Prenatal exposure to environmental pollutants determines weight and size at birth

November 14, 2011

University of Granada researchers have proven that infants born to women living in large cities are more likely to have higher weight at birth than those born to mothers living in rural areas. This is probably due to a higher exposure to xenoestrogens, a type of environmental pollutants that act like hormones. This is the first research study conducted in Spain establishing a correlation between estrogenic burden in pregnant women's placenta and a higher birth weight.

For the purpose of this study, the researchers examined two groups of pregnant women. The first group was composed of pregnant women living in Madrid, while the second consisted of women living in Granada. The researchers found that there were biological, demographic and socioeconomic differences between both groups of women, which determined the presence of xenoestrogens in the placenta due to exposure to environmental chemicals.

The first group of mothers was composed of women living in Madrid, having a medium-high educational level, and most of them (89%) working in the field of administration or education. By contrast, the mothers sampled in the second group lived in rural areas of the province of Granada, had a low educational level (53.4% ​​had no education or only primary education), and a high percentage of them were exclusively devoted to household chores (38.3%).

All these factors determine environmental exposure.

The researchers examined the factors conditioning environmental exposure, and a correlation was found between anthropometric and sociodemographic factors, health status, lifestyle and working conditions, and the total estrogenic burden. University of Granada researchers found that the estrogenic effect of placental tissue extract is directly related with certain characteristics in parents, childbirth and newborn babies. Thus, the group with higher estrogenic effect of placental tissue extract in alpha fraction was that of older women with lower body mass index and living in Madrid. Additionally, this is the group which gave birth to higher weight infants. These results suggest that estrogenicity of xenostrogens directly affects embryo-fetal development.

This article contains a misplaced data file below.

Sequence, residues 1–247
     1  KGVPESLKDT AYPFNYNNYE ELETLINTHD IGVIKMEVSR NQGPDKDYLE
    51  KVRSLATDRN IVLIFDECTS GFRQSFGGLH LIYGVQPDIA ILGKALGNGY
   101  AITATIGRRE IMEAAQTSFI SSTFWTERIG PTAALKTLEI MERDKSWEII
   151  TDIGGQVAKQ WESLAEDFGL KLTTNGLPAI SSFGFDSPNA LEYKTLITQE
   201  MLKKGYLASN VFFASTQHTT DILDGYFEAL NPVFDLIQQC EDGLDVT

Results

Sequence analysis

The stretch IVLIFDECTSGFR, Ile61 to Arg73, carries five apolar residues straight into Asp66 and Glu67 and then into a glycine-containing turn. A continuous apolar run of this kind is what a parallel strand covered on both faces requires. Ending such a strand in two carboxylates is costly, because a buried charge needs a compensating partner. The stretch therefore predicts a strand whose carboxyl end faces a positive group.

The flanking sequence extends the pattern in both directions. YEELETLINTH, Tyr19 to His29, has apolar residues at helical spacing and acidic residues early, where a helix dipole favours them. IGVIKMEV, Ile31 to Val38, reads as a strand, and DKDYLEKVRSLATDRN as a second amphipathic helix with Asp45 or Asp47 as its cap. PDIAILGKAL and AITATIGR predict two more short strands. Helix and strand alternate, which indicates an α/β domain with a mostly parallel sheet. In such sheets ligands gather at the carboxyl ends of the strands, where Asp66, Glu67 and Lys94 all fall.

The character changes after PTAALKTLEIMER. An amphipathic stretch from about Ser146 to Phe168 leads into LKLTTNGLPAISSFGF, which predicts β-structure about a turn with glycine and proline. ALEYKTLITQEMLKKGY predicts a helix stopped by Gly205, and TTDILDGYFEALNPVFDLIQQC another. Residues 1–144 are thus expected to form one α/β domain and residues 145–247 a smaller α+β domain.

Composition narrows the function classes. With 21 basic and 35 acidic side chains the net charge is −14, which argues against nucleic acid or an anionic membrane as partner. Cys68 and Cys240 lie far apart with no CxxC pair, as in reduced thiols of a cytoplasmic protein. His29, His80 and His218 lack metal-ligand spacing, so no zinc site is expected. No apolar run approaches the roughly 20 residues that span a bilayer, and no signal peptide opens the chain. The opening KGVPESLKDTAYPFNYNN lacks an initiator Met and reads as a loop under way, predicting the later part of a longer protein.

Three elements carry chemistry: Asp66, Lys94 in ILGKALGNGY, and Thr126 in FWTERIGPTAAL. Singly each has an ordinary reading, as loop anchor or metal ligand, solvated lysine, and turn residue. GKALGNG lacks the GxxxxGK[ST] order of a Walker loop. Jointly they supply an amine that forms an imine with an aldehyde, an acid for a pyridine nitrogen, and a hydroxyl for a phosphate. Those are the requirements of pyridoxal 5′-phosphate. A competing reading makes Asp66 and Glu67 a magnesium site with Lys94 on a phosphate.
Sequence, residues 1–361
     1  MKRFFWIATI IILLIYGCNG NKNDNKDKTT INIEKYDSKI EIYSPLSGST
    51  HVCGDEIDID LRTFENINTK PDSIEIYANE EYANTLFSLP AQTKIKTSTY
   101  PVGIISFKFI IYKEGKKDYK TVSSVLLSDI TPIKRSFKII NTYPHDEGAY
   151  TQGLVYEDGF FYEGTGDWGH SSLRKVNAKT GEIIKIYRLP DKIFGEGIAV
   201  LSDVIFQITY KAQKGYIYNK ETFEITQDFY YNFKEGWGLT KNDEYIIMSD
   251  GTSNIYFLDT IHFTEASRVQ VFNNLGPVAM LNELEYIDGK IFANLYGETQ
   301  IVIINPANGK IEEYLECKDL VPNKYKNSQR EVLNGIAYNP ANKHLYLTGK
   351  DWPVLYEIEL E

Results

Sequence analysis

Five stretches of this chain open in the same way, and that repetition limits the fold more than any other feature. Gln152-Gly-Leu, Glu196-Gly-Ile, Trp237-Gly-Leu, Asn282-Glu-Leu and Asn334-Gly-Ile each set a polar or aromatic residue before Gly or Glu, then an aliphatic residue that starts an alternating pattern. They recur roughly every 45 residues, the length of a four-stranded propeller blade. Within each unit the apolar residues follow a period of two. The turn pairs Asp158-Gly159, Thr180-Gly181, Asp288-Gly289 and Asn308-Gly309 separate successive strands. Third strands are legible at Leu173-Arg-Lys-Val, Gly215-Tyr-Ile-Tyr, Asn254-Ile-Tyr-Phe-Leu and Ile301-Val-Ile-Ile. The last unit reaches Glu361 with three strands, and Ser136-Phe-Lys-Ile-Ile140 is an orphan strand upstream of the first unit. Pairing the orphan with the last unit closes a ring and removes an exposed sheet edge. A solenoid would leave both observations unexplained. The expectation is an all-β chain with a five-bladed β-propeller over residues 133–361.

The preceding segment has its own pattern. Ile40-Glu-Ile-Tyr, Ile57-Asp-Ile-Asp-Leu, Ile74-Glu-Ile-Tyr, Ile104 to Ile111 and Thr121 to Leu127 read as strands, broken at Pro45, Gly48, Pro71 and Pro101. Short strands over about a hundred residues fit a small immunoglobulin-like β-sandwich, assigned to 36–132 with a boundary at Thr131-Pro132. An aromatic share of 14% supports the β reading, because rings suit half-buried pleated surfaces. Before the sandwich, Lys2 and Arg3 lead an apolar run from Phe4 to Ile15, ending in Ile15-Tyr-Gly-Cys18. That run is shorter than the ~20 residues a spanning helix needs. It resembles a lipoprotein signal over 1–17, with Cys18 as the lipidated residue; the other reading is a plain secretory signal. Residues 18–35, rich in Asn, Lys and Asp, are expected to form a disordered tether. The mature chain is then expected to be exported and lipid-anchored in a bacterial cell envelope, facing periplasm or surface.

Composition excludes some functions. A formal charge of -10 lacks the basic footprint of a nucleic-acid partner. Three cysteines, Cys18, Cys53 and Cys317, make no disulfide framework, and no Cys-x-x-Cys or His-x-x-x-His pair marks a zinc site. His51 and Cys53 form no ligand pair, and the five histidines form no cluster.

This study was conducted by María Remedios Prada Marcos, at the University of Granada Radiology and Physical Medicine Department, and coordinated by professors Nicolás Olea Serrano; Mariana Fátima Fernández Cabrera and Julio J. Boza Puerta.

Combined Effect Biomarker

Remedios Prada affirms that most studies on exposure to environmental pollutants are focused on separately quantifying the presence of chemicals in human body. "However, at present, more than 100,000 synthesized chemicals have been identified in the human body, which interaction effects -that might be additive, synergistic or even antagonistic- are unpredictable. Therefore, concentrations considered insignificant by classical toxicological parameters might interact and have a significant cumulative effect. That is the reason why, in this study, we have approached environmental exposure by using a combined-effect biomarker".

Currently, health authorities from different countries are trying to establish monitoring systems for environmental pollutant exposure by using exposure markers. Such systems have already been established in USA through the National Health and Nutrition Examination Survey, and in Spain through the Environment and Childhood Project (INMA).
-end-
References:

Freire C, Lopez-Espinosa MJ, Fernández M, Molina-Molina JM, Prada R, Olea N. "Prenatal exposure to organochlorine pesticides and TSH status in newborns from Southern Spain". Sci Total Environ. 2011;409(18):3281-7.

Guxens M, Ballester F, Espada M, Fernández MF, Grimalt JO, Ibarluzea J, Olea N, Rebagliato M, Tardón A, Torrent M, Vioque J, Vrijheid M, Sunyer J; on behalf of INMA Project. "Cohort Profile: The INMA-INfancia y Medio Ambiente-(Environment and Childhood) Project".Int J Epidemiol. 2011 Apr 5. [Epub ahead of print].

Contact:

Radiology and Physical Medicine Department. E-mail: reprama@hotmail.com Phone Number: +1 678 5519823.
Nicolás Olea Serrano. E-mail: nolea@ugr.es. Phone Number: +34 958 244 049
Mariana Fátima Fernández Cabrera. E-mail: marieta@ugr.es Phone Number: 958 241000 ext 20367

University of Granada

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